When Paula learned that Monte performed admirably, she decided she would try over the final two nights to compete on him and see how she liked it. I give her credit for being willing to try something new, something she had never tried. That is a spirit often reserved for the younger set, those young dogs still eager to learn new tricks. But, again, that doesn’t have to be the norm, and Paula was willing to prove that.
She went out there for the first run with two people she had just met and was a little nervous. She took a holding spot on the left side and Monte stood his ground but they were able to get three cows before one went out of order. The second run ended similarly, but both runs were respectable, and took the edge off of her nerves. On the third run, the other female teammate went in to cut the first cow, and they developed a good rhythm, Paula and Monte deftly letting all the correct cows go by and they set a new Series record time of 1:21. It was a full 10 seconds better than the previous posted time! To prove that it wasn’t a fluke, on their next run her team posted a second clean run in 1:37. There were four clean runs out of 45 that night and her team had two of them. The 3rd installment of the series was two weeks later, and if no team could top the time of 1:21, Paula and Monte, in their first cattle sorting event together, Paula’s first ever, would take home the coveted Summer Series Silver Buckle. It was a misty night for the finale, and 9 teams showed up. There would be three clean runs the final night, none even close to Paula’s team’s posting from the preceding week. So, after 3 competitions, 140 runs, 11 clean runs, no team or time topped the 1:21 that Paula posted on her very first night of cattle sorting! Bravo!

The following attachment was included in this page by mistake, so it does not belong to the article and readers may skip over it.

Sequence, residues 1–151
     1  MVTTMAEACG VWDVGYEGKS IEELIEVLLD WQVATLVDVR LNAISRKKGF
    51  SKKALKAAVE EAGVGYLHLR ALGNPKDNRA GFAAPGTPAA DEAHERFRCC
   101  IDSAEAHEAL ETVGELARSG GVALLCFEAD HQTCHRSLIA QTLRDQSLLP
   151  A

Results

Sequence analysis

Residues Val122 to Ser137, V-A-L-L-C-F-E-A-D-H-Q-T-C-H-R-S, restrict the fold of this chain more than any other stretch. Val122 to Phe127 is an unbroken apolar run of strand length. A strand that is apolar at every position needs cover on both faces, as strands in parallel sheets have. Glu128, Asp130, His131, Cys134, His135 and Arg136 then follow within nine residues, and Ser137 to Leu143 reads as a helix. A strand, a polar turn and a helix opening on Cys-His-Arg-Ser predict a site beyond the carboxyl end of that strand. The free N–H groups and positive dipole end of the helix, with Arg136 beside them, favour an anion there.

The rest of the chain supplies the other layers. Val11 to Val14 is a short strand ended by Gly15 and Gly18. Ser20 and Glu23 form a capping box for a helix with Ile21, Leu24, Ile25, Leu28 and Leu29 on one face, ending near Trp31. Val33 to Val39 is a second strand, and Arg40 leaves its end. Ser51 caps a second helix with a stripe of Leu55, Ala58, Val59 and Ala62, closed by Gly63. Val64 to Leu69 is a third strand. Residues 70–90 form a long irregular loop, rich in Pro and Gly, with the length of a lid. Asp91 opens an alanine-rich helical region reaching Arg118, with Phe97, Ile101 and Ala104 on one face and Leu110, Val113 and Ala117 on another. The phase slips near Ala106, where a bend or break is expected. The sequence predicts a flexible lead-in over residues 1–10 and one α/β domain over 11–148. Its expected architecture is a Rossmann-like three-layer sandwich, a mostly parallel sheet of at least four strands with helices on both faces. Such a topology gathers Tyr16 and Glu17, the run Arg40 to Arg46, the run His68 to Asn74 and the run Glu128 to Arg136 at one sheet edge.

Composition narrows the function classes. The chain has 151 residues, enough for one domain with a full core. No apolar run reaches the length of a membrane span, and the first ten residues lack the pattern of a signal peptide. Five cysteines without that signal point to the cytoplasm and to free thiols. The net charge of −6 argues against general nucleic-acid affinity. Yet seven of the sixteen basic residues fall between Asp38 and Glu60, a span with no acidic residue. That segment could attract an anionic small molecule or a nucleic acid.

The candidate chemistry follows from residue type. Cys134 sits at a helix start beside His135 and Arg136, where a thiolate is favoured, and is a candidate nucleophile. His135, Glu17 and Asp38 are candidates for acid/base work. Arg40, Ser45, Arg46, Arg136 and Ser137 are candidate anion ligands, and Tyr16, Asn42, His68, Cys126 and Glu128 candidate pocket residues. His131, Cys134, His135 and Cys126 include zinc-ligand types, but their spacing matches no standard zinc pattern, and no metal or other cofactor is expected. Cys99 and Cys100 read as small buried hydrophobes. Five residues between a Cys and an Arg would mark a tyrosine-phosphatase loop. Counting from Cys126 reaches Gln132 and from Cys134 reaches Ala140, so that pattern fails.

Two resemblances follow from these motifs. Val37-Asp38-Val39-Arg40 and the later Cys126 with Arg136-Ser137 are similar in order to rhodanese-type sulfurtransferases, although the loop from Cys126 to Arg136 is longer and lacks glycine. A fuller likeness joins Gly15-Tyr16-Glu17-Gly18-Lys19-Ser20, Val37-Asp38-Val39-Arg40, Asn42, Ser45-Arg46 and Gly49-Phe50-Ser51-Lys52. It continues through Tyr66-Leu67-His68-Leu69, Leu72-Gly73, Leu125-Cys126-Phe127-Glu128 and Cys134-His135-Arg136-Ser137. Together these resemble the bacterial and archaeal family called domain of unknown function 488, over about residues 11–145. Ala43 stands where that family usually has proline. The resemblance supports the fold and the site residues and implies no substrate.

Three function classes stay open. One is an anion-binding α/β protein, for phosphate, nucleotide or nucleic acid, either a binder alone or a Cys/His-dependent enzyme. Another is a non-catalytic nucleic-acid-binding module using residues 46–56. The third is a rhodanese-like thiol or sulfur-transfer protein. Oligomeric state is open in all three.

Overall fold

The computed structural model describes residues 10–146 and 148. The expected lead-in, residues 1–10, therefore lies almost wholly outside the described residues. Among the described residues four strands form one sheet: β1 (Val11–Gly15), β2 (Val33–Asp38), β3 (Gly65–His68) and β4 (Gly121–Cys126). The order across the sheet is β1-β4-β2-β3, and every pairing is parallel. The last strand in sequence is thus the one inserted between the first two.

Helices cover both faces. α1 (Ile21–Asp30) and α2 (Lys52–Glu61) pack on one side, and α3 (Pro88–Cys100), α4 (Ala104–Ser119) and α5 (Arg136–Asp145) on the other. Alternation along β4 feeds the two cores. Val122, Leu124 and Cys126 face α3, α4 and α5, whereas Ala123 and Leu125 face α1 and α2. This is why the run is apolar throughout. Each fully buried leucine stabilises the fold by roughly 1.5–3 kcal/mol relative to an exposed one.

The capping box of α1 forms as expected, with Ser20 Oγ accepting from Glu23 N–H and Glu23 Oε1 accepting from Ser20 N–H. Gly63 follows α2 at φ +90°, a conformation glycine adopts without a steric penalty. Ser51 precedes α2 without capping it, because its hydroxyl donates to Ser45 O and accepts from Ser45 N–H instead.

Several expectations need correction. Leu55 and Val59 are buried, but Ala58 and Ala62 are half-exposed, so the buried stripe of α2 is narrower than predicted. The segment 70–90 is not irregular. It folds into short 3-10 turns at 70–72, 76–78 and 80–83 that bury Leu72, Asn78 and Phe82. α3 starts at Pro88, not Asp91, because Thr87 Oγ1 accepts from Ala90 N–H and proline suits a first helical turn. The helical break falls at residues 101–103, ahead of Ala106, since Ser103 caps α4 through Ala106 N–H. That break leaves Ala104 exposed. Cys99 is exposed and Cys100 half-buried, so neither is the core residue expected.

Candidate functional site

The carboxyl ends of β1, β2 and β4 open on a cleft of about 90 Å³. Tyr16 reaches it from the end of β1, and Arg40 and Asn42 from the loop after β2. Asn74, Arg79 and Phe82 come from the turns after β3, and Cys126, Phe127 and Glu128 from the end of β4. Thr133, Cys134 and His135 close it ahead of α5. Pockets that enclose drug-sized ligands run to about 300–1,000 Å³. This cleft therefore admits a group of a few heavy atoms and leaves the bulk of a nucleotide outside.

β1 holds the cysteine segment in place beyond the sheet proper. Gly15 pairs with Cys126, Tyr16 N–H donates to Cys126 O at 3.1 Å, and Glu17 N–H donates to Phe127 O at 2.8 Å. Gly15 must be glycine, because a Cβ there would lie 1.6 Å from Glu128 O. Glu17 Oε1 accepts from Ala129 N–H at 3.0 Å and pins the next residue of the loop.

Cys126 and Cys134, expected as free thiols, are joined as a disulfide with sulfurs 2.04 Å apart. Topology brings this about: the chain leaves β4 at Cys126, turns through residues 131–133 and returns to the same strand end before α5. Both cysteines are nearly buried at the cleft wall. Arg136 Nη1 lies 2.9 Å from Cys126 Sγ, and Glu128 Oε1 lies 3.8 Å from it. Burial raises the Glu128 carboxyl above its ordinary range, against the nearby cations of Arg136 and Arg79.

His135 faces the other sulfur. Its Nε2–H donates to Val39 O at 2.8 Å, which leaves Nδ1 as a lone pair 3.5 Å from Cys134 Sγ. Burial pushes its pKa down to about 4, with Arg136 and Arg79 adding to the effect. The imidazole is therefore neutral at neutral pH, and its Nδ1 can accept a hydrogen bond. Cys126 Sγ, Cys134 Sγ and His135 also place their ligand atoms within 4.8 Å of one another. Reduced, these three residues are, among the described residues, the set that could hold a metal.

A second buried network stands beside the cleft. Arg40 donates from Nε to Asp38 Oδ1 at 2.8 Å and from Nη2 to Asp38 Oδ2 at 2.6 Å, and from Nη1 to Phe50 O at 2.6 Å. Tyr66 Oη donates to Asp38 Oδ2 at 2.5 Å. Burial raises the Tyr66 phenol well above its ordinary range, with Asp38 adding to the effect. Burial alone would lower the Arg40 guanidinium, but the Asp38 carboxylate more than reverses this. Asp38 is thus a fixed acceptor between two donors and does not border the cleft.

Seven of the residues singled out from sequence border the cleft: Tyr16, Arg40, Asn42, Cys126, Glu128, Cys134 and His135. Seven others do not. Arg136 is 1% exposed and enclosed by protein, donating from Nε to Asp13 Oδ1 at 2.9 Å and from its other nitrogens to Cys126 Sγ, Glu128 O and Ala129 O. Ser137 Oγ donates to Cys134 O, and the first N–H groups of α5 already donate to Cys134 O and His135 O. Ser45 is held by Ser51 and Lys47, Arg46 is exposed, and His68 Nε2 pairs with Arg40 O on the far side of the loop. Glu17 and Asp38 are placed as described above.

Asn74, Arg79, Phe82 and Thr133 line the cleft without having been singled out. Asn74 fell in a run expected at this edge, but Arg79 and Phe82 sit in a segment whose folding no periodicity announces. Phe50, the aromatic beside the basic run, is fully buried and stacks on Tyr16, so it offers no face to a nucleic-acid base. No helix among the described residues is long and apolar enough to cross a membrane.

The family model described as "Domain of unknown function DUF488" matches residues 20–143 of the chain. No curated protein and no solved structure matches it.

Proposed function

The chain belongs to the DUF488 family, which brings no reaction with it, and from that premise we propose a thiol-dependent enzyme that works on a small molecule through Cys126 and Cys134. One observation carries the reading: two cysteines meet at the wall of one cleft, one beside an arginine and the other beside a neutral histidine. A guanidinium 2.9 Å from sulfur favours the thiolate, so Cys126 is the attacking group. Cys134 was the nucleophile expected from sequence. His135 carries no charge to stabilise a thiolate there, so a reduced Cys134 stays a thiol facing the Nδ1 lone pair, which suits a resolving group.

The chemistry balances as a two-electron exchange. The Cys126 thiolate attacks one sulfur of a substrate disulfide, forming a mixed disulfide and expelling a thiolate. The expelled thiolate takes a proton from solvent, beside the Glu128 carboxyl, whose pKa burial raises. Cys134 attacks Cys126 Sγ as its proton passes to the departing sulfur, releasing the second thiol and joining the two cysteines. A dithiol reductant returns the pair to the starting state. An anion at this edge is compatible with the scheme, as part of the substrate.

The saying goes, “If at first you don’t succeed, try, try again.” There are really three “trys” in that statement. The first one is giving yourself a CHANCE to succeed. Paula did that, not stymied by her experience, by her horse being a buck the norm, well, that makes you exceptional. Cheers Paula!
And what happens when “at first you DO succeed.” Well, if you have the spirit of Paula, you plan on attending the next Cattle Sorting event, and invite your friend Mary who will try for the first time. That’s what makes our equestrian lifestyle thrive and survive. That is what inspires another to try. That’s what makes Cory at Circle S want to put on more events- to see new people sampling the fare he has invested in. (Thanks Cory). But it doesn’t happen unless we are willing to step out, trysomething new with our horses, spice up our interactions with them. So I challenge all of us to take a cue from Paula. It’s never too late and your pants are never too tight to sport a belt with a brand, new, shiny buckle!
See you on the trail!
James M. Iacono
Activities Coordinator Saddleback Canyon Riders Equestrian Trails Inc., Corral 357